Initial findings from the International Men and Gender Equality Survey (IMAGES) reveal that sexual violence is just as prevalent in homes as it is in conflict in North Kivu, eastern Democratic Republic of Congo.
A new study by Promundo and the Sonke Gender Justice Network conducted in Goma, eastern DRC finds that more than a third of men surveyed have carried out some form of sexual violence and more than three quarters hold deeply alarming attitudes about rape and women’s rights.
The report reveals that sexual violence, while sometimes implemented as a weapon a war, more often reflects widespread acceptance of patriarchal norms and rape myths that justify and normalise rape, the everyday subordination of women, and men’s a sense of entitlement to women’s bodies. Sexual violence includes forcing a wife or partner to have sex, as well as stranger rape and other forms of forced sex.
The study also indicates that many men are themselves victims of various forms of violence, including of sexual violence, and shows a clear association between exposure to violence during childhood and increased likelihood of subsequent perpetration. Findings also affirm just how much conflict affects families in the DRC: three-quarters of men and women have had to leave their homes due to conflict.
The findings underscore how critical it is that the DRC government, UN agencies and other development partners promote and protect women’s rights, including by educating men and boys about women’s human rights and changing norms that fuel violence, end impunity for sexual violence and provide psycho-social services to the women, men and children affected by violence.
The survey, part of the International Men and Gender Equality Survey or IMAGES, was carried out in Goma, in an IDP (internally displaced persons) camp and a military base, both located in Goma and in rural areas; the latter were the villages of Kiroche and Bweremana located 40 km south of Goma. Due to a new wave of conflict in the period of the research, rural areas farther from Goma were not accessible. The survey followed standard household sampling techniques and was carried out with assistance from the government statistics bureau.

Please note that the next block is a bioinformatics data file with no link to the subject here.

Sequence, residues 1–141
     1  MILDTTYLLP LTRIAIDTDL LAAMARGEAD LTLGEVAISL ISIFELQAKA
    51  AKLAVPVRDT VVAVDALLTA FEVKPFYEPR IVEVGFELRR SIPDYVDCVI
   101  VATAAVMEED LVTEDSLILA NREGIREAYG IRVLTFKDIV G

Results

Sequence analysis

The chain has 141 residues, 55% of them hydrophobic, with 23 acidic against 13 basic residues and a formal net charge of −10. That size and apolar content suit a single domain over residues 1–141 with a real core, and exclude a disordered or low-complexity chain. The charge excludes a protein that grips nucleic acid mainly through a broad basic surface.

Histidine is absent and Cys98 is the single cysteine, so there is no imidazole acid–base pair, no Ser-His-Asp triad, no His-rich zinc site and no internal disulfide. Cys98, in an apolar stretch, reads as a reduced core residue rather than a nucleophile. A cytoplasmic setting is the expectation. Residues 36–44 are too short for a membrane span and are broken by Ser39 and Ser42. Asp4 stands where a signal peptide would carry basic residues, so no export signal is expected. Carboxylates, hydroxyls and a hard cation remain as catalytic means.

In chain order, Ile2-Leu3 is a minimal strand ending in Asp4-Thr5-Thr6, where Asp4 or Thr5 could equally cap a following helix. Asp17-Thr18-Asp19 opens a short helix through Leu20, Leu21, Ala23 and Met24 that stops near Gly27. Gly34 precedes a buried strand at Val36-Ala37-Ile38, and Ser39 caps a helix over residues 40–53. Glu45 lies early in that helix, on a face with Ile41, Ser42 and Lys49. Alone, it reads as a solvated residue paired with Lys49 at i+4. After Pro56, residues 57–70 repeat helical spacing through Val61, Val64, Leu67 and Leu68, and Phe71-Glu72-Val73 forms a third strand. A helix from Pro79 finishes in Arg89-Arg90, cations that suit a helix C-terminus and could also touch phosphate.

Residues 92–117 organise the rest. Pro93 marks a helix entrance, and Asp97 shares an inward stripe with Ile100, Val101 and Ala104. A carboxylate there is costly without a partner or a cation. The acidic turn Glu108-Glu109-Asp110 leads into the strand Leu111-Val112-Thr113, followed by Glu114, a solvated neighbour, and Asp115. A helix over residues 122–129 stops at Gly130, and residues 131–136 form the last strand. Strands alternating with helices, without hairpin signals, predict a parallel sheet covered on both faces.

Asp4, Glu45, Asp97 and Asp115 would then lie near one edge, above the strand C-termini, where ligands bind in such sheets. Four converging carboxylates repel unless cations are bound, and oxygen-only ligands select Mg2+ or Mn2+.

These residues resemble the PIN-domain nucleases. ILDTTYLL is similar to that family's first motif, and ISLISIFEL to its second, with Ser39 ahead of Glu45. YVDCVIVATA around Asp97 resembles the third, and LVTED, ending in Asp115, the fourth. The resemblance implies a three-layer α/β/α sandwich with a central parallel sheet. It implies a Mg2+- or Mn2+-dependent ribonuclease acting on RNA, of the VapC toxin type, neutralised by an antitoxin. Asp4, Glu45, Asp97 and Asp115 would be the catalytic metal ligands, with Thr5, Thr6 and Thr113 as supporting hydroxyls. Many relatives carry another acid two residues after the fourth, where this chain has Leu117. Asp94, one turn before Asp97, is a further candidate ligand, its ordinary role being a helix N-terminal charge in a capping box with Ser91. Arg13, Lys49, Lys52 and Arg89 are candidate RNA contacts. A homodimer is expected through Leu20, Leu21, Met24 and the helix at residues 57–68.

Findings from this study confirm that the majority of the population of the eastern DRC continues to live in extreme poverty and faces multiple vulnerabilities, which in turn create challenges for men and women to fulfill socially expected gender roles.
While many studies and efforts have been carried out to empower women and assist them in recovering from rape, fewer have examined the impact of economic disempowerment on men and on how gender relations are affected by conflict.
This study sought to provide a nuanced understanding of how gendered relations are affected by conflict and in turn inform the urgent need for humanitarian and human rights responses. It is part of efforts by Promundo and the Sonke Gender Justice Network to engage men – alongside women – as change agents and activists in ending impunity around SGBV and promoting gender justice and social justice.
Key findings include: